Using monkey’s audio (.ape) files in ubuntu

Filed under
HowTos

To be able to work with .ape audio files, you need to compile and install the “mac” program which isn’t available in the ubuntu repositories.

Linux Foundation: Corporate Lackey or Linux Savior?

Filed under
Linux

The recent merging of two leading open source groups, OSDL and FSG, seems like good news for Linux. However, out in the Linux community, flickers of doubt were heard. Skepticism. Anxiety. Uncharitable postings on message boards.

KDE 3.5.6 Released with New Features, Translations and Fixes

Filed under
KDE

The KDE Project today announced the immediate availability of KDE 3.5.6, a maintenance release for the latest generation of the most advanced and powerful free desktop for GNU/Linux and other UNIXes.

Savage: The Battle for Newerth

Filed under
Reviews
Gaming

Savage: The Battle for Newerth, created and released by S2Games in the Summer of 2003, is a unique FPS/RTS online game. It combines first and third person combat with RTS elements such as structures, AI workers, and a team commander. On a good online server up to 64 players can easily play without any lag.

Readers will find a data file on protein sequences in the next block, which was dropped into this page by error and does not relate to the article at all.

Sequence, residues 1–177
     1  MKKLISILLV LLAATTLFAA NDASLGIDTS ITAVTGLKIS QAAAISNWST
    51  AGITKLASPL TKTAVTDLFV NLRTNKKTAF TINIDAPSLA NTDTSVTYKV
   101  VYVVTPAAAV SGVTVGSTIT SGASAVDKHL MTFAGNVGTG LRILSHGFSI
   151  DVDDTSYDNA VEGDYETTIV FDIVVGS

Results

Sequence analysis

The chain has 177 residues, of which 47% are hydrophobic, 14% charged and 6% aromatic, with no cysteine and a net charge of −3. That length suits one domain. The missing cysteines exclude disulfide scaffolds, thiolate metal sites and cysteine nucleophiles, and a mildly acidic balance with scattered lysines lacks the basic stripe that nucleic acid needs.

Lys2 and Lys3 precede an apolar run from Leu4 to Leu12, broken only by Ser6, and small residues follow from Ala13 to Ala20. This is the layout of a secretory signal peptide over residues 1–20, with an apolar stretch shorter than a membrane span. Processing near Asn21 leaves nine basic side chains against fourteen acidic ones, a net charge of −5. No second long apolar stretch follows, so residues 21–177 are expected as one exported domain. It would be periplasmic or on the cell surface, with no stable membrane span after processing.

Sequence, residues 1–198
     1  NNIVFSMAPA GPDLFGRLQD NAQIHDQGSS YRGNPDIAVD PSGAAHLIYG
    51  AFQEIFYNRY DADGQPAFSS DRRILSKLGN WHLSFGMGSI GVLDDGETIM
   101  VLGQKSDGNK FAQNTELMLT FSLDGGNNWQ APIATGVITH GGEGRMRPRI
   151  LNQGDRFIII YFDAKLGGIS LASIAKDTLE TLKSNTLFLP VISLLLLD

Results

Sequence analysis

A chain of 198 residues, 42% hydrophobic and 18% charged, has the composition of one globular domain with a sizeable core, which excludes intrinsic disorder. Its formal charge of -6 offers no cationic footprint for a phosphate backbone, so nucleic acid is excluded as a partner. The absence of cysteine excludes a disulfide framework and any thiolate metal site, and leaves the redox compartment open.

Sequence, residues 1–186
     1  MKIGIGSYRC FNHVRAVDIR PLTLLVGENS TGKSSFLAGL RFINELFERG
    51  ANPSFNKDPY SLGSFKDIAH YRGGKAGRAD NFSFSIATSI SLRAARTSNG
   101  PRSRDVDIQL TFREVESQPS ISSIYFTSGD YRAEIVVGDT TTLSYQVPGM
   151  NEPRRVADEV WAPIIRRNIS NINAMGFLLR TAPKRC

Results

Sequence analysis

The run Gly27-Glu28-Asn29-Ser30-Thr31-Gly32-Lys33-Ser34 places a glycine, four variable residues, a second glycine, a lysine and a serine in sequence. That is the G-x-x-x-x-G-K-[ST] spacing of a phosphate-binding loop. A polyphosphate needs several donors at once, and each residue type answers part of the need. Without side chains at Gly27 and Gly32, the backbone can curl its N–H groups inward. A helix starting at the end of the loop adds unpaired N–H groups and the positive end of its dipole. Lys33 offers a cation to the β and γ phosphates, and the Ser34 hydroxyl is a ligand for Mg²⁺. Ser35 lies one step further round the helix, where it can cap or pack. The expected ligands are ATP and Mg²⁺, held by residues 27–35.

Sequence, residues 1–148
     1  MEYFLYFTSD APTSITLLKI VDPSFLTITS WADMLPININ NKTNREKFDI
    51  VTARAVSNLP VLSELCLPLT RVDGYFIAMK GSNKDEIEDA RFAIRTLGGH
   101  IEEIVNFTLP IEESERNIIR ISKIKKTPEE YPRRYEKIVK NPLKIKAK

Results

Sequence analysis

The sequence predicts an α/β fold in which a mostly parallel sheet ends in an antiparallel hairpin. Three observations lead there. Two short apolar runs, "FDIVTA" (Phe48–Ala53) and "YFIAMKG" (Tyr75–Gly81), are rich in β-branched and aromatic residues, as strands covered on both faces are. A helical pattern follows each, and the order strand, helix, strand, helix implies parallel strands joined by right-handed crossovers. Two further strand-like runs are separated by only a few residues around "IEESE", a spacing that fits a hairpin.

OpenXML sneaks up behind ODF - lets make it stop

Filed under
OSS

It seems that Microsoft are working to “fast track” their OpenXML format to become a new European ISO/IEC standard. So what do we do? Well, we have until 5th Feb 2007 to make complaints.

Red Hat's Volley on Linux Management Offering

Filed under
Linux

Call it Red Hat's forward spin velocity regarding Linux management tools. With competition such as Oracle offering full Red Hat support on their own products, Red Hat is now expanding and improving its Linux management footprint.

A Vista vs. Linux matchup

Filed under
OS

In this multi-part series, DesktopLinux.com columnist and operating system curmudgeon Steven J. Vaughan-Nichols pits Microsoft's latest wares -- Vista -- against Linux's fair haired boy -- Ubuntu -- to see how the pinnacle of commercial desktop operating systems stacks up against the free, community-developed Linux upstart.

Also: Desktop Linux 2006: The Year in Review

Penguin Prophecies

Filed under
Linux

It’s that time of year — the time when every IT pundit worth his or her salt is required to publish a New Year’s list of predictions or resolutions. So, being Linux Magazine’s equivalent of Professor Marvel (from the 1939 film classic The Wizard of Oz), who has a talent for seeing the patently obvious, I’m here to take my shot.

PCLinuxOS, Distros, and 10 reasons to try PCLinuxOS.

Filed under
Linux

I wonder if there is a survey that has information on how many different distros a typical Linux user has used over that last 5 years? Of course, I mean more than just an install trial where you experiment with a distro for a few days, then wipe or replace that distro.

For me, that number is a fairly conservative two. And one of those two distros is the (grown up) child of another.

Lesser known "mini" Linux runs from RAM

Filed under
Linux